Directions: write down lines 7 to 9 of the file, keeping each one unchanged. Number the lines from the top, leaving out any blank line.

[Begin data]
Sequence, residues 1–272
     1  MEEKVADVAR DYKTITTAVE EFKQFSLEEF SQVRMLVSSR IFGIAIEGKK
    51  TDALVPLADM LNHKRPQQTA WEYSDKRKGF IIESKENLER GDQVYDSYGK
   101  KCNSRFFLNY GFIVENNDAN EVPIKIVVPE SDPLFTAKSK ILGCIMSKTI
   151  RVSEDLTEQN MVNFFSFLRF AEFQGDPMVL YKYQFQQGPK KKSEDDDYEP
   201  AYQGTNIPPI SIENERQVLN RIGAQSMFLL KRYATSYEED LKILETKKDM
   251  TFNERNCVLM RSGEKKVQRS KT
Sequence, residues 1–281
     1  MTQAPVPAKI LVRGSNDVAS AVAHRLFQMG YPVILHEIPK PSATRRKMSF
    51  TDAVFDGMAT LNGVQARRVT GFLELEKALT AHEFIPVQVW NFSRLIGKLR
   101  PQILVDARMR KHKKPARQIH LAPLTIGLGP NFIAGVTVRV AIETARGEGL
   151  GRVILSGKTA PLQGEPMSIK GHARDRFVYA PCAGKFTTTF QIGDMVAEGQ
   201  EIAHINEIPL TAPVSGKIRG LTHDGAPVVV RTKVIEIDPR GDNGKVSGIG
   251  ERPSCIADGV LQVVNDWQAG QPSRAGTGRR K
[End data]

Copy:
   251  TFNERNCVLM RSGEKKVQRS KT
Sequence, residues 1–281
     1  MTQAPVPAKI LVRGSNDVAS AVAHRLFQMG YPVILHEIPK PSATRRKMSF